Ebere Azumah

    MD, ACC, FACOG, MPH

    Ebere Azumah, MD, ACC, FACOG, MPH is the Founder & CEO of Azumah Solutions LLC, a Consulting and Professional Coaching Firm. She is a DONA trained Doula and a Board - Certified Obstetrician and Gynecologist. 

    Dr. Azumah is a graduate of Wayne State School of Medicine in Detroit, Michigan and completed her Obstetrics and Gynecology residency training from Long Island Jewish Hospital in New York City, New York. She completed her Master of Public Health degree with a concentration in Health Management at Harvard T.H. Chan School of Public Health in Boston, Massachusetts where she focused on Negotiation and Healthcare Leadership.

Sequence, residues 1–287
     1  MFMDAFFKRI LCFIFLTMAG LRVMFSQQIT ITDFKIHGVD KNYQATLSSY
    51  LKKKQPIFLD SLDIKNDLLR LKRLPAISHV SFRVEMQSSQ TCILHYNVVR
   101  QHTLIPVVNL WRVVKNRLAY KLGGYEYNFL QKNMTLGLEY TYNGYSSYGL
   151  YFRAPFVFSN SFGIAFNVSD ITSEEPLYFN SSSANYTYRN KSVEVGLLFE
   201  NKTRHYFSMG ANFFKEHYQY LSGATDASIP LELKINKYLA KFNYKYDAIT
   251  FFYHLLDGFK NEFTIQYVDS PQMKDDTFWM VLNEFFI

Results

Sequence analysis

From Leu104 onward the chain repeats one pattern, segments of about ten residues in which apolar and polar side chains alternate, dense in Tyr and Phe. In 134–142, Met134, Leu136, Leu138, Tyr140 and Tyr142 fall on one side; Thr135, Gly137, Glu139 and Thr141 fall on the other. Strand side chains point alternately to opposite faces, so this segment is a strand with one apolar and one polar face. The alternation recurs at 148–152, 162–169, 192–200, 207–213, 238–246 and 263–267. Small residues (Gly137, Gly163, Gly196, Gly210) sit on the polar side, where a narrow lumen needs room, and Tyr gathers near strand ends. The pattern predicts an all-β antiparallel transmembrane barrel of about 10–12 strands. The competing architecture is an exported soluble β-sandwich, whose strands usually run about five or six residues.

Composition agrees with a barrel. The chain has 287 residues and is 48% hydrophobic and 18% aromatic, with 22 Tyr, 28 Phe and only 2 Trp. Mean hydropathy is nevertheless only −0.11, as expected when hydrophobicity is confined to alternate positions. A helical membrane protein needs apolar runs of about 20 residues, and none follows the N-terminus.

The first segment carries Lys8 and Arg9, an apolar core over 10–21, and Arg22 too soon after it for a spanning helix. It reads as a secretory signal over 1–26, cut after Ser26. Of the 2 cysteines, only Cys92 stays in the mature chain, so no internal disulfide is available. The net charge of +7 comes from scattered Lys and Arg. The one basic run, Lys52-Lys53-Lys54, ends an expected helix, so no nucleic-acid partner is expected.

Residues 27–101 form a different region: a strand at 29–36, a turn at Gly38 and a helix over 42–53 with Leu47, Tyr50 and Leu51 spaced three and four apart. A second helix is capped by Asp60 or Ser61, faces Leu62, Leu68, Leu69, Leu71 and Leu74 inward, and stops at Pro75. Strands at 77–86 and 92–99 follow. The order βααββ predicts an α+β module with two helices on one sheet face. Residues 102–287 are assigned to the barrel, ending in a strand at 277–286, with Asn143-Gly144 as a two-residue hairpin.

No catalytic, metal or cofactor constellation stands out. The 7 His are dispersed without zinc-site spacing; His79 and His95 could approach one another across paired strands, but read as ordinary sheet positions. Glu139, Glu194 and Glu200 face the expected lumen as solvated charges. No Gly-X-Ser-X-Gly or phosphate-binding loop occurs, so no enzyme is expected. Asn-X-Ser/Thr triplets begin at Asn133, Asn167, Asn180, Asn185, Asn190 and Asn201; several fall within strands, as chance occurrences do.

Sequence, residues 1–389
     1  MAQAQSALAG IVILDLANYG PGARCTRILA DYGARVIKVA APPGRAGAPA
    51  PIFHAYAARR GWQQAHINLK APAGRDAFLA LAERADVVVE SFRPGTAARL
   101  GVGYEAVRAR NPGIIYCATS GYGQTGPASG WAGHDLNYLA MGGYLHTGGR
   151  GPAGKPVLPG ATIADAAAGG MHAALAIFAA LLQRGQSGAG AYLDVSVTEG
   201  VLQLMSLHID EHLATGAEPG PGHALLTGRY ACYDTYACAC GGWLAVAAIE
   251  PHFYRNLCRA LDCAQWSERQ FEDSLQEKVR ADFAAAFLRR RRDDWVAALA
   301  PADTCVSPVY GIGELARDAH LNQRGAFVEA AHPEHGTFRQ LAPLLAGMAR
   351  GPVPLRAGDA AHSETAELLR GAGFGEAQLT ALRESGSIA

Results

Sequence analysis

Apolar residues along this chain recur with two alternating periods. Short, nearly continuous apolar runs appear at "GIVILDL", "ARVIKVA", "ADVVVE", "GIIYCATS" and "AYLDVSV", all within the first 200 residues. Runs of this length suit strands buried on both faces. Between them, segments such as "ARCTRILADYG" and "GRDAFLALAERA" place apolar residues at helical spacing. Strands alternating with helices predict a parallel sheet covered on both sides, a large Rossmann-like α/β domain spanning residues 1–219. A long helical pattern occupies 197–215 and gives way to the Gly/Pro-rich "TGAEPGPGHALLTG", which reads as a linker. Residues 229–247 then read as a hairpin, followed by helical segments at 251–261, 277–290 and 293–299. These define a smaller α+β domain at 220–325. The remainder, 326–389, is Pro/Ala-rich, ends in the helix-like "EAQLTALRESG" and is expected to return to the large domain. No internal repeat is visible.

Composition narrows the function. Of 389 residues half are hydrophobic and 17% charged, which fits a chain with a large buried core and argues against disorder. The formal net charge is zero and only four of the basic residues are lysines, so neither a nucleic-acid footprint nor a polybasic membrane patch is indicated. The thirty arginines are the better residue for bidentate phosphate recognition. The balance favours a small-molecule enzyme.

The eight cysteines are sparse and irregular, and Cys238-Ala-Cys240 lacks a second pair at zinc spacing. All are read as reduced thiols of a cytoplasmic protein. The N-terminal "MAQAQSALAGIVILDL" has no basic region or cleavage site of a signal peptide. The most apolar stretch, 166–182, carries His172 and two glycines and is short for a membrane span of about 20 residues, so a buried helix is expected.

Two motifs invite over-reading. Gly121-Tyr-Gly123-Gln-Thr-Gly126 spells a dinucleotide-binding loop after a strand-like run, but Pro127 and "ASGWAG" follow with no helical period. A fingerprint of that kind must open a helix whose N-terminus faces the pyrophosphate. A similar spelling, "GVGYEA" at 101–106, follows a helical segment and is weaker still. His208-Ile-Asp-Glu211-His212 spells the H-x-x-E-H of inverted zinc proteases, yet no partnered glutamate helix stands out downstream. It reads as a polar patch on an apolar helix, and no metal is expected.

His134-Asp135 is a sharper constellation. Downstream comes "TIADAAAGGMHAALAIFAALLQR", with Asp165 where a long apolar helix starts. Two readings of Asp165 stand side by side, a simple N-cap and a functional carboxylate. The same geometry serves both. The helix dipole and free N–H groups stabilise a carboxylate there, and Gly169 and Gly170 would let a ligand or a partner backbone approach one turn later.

She has a passion for bridging gaps between organizations through negotiation. Her desire is for Obstetricians and Doulas to work collaboratively to provide a patient-centered labor experience for pregnant women.

    Dr. Azumah's other passions include business development and providing quality healthcare to vulnerable communities in the United States, Haiti, and Africa. She Co-Founded Blacks and Allies for Global Health Equity, a platform for intrinsically motivated individuals in the diaspora to engage in global health equity dialogues and to provide medical mission trips to Low income countries.